Reason itself is not geared towards React and it is a general purpose language. I emphasize React mostly because the original creator of ReactJS is involved in creating Reason and you can see that React was designed for a language like Reason.

I do not think it would be foolish to use it with Vue and Reason is actively used with Node. For instance:

https://github.com/reasonml-community/bs-express

There is a lot of work going into the backend for Reason and I'm pretty excited about this.


There is a reason-vue project (https://github.com/JasonShin/reason-vue), but from my memories with Vue it is not a great fit for a statically typed language because a lot in Vue is "stringly typed" (which means that it is untyped and basically works by using the same/right string in your code, opening a huge opportunity for typo-bugs that a compiler cannot find).

You may want to look into this project which is an alternative to the React ecosystem: an implementation of the Elm architecture in OCaml/BuckleScript (and thus Reason).

https://github.com/OvermindDL1/bucklescript-tea

> What about server-side with Node?

Possible with Reason, yet compilation to native is also possible from Reason... This allows one to use really fast all-OCaml libraries. Like this HTTP server:

https://github.com/inhabitedtype/httpaf


Reason itself is an alternative syntax for OCaml. The developers have built great support for React but in principle you can do whatever you can do with JS.


So what's the deal with BuckleScript? The docs are really unclear on their relation and just call it a "partner project". But it's the actual compiler? Then what is Reason?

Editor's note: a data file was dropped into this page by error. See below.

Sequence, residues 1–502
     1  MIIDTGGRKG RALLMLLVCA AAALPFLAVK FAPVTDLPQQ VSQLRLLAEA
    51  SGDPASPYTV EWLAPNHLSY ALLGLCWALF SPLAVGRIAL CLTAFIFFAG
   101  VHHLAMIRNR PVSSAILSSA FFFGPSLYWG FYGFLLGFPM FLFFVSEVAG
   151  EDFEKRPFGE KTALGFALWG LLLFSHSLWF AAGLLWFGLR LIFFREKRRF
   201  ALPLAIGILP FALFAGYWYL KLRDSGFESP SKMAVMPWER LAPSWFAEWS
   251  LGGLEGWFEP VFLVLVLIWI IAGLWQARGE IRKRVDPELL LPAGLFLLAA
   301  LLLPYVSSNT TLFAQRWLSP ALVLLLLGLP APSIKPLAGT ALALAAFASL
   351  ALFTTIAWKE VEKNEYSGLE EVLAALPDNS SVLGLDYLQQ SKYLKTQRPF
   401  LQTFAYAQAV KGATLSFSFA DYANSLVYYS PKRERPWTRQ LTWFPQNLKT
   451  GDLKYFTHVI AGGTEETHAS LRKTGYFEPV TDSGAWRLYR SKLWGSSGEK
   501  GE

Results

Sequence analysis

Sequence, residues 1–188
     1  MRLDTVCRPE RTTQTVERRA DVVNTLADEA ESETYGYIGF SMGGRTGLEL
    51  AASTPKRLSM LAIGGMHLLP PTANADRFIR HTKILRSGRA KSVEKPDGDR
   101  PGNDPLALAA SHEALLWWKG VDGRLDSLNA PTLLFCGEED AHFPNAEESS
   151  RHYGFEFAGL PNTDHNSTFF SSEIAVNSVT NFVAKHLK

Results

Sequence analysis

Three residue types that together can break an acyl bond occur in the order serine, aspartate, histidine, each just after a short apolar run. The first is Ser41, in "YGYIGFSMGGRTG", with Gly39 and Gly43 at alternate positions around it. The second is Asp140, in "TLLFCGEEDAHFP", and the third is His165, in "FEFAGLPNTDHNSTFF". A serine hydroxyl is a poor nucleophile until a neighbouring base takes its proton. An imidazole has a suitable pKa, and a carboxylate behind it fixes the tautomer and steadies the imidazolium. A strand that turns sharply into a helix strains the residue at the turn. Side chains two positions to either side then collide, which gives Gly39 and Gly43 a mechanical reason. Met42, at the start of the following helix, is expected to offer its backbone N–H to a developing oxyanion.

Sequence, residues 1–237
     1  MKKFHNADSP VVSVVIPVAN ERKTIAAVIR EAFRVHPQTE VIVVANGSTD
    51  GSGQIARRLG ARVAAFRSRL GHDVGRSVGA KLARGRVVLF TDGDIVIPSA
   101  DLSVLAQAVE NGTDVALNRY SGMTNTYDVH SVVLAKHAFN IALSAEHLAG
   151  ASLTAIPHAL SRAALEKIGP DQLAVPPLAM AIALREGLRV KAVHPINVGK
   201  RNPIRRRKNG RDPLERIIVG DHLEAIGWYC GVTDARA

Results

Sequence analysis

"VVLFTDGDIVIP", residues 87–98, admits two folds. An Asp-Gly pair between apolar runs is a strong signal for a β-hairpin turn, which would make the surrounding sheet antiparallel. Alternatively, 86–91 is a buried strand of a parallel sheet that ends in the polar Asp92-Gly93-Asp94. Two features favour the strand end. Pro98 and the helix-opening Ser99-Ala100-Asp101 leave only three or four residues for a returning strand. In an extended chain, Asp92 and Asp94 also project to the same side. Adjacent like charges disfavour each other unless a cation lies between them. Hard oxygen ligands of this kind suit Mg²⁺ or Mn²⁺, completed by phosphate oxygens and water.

Reason = syntax for OCaml. Bucklescript is a transpiler to js. You can use other transpilers if you want but Bucklescript is great and has tightly integrated support. The best way to experience it is to just follow the "npm install" instructions. It may be a little confusing since you install Bucklescript, instead of Reason, as Reason is a syntax that Bucklescript supports. The online playground works great as well if you just want to get a feeling about the language.


Can bucklescript compile OCaml into js?


Yes that is what it was designed to do. Of course if your code calls out to some library implemented in native you will need to substitute with the js equivalent. Bucklescript has special syntax for you to describe the FFI to js, like Typescript. Otherwise it is OCaml in classical syntax or in Reason.


Answer to the same question in a recent thread: https://news.ycombinator.com/item?id=17933179


The only place where I see any references to it is on HN and conferences like StrangeLoop.

For the kind of customers I work for, if it wasn't for Angular adopting TypeScript, we would all still be using plain old JavaScript on our Web apps.


Weird. There were quite a number of conferences where Reason was mentioned:

- ReactiveConf (I think Sean Grove talked about it)

- React Rally, or wherever Ken Wheeler talked recently – he gave several talks about how Reason is the shit

- I think there was a conference dedicated entirely to Reason — ReasonConf 2018

And Twitter of course.

I see it referenced quite frequently.


React related conferences, fair enough.

I don't follow React development.